Teaching Methods for Art Education in the Early Years

Teaching Methods for Art Education in the Early Years
Teaching Methods for Art Education in the Early Years

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Teaching Methods for Art Education in the Early Years

Teaching Methods for Art Education in the Early Years In Eckhoff’s article, The Importance of Art Viewing Experiences in Early Childhood Visual Arts: The Exploration of a Master Art Teacher’s Strategies for Meaningful Early Arts Experiences (2008), the author aims to examine the connection between art viewing and art making for young children. The author explores this relationship through the lens of four teaching strategies used by a master art teacher. These strategies have implications for the teaching of the visual arts, especially in early childhood settings.

Research Question/Hypothesis

The problem posed by the author is that despite research and clear early childhood standards that support the importance of art viewing and art making, neither experience is consistently provided to children in a masterful way. A specific question or hypothesis is not provided, but an in-depth explanation of the problem is included.

The premise of Eckhoff’s research is based on a Eglinton’s early arts program model (2003) which suggests authentic art education requires equal opportunities for encounters with art, art making experiences, and aesthetic experiences. The purpose of the study is to identify strategies early childhood teachers can use to deepen the connection between art viewing and art making experiences.

Teaching Methods for Art Education in the Early Years

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Teaching Strategies During Art Viewing Experiences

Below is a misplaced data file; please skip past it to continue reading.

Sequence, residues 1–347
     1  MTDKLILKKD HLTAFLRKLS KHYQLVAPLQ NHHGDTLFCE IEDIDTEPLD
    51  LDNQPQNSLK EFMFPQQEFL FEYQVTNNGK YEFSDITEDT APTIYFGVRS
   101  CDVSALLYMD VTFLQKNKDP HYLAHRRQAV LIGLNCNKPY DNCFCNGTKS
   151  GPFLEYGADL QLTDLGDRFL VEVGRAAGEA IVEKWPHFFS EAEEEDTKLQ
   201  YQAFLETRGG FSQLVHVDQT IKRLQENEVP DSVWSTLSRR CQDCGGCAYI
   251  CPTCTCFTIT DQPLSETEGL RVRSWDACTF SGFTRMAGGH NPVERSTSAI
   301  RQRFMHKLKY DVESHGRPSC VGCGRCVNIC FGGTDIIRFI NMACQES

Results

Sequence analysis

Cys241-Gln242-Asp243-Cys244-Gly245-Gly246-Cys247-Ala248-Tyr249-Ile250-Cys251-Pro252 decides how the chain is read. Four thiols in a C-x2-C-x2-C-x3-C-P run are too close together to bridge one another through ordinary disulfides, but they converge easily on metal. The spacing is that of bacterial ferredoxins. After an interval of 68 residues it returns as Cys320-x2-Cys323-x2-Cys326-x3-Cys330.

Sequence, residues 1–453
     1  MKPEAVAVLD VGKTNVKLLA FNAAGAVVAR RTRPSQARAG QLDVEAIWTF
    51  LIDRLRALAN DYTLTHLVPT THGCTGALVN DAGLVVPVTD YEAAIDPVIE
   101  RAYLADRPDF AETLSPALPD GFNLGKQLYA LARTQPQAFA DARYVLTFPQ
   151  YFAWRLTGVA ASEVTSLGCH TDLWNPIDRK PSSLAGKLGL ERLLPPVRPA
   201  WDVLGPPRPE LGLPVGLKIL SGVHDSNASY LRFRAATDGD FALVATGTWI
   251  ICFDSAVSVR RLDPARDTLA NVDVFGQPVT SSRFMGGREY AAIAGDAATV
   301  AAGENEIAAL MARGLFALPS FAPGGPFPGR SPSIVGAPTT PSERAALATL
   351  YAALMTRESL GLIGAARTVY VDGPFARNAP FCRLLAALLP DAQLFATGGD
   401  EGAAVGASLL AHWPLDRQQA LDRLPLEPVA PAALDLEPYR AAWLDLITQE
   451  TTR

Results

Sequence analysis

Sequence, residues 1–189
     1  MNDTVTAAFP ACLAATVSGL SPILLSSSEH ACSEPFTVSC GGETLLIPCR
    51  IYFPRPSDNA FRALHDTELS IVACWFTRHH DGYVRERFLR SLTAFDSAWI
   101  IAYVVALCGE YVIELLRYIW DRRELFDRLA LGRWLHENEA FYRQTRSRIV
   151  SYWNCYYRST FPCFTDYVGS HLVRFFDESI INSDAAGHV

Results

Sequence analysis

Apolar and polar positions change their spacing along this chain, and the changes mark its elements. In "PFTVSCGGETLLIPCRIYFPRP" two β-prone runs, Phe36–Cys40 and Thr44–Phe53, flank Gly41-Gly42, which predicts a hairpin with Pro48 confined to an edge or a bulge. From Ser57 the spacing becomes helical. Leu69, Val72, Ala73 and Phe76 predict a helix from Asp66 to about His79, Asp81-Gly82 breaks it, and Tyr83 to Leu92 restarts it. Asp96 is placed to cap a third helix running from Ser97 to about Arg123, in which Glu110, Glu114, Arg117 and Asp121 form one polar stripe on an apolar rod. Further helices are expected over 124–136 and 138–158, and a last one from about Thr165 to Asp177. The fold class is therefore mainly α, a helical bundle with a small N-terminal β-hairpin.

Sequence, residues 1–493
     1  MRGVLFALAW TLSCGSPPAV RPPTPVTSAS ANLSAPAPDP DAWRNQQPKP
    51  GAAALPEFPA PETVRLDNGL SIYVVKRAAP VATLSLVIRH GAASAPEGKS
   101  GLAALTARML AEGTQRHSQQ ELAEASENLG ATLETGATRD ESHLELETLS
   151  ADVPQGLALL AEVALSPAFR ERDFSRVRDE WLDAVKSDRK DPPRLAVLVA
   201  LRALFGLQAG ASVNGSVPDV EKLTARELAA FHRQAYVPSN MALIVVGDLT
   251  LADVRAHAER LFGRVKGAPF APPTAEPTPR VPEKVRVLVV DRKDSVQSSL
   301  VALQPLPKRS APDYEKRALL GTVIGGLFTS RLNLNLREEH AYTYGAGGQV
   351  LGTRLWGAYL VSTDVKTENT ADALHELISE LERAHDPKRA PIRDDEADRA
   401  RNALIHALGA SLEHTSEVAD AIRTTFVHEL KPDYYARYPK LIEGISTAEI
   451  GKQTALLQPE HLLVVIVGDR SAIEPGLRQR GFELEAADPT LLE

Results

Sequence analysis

The majority of Eckhoff’s study is dedicated to describing four strategies used by the master art teacher to introduce artistic and aesthetic elements. Eckhoff identified these strategies after analyzing patterns that were evident in the coded transcriptions.

Game play.

This method involves teacher talk around planned or impromptu games, for example playing I Spy with artistic elements such as color or shape.

Questioning.

This strategy was used most often by the master teacher and involves both open- and closed-ended questions such as, “What does this line look like to you?”

Storytelling.

The master art teacher tells children stories about the history or creation of a piece of art or reads a relevant story book.
Technical talk.
This method was used the least, and introduces children to technical aspects of art, such as the purpose of specific tools or media.

Teaching Methods for Art Education in the Early Years

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Research Methods

This article is a qualitative study and reports on the art viewing and art making experiences of 32 preschool-age children in the Denver Art Museum’s summer program. The researcher attended the two-week camp and observed children as they first toured museum galleries with a master art teacher and secondly, as they participated in art making experiences in the museum’s studio space. Through field notes, photographs, children’s work samples and coded transcriptions, the researcher was looking for patterns or strategies used by the master art teacher that enhanced student learning.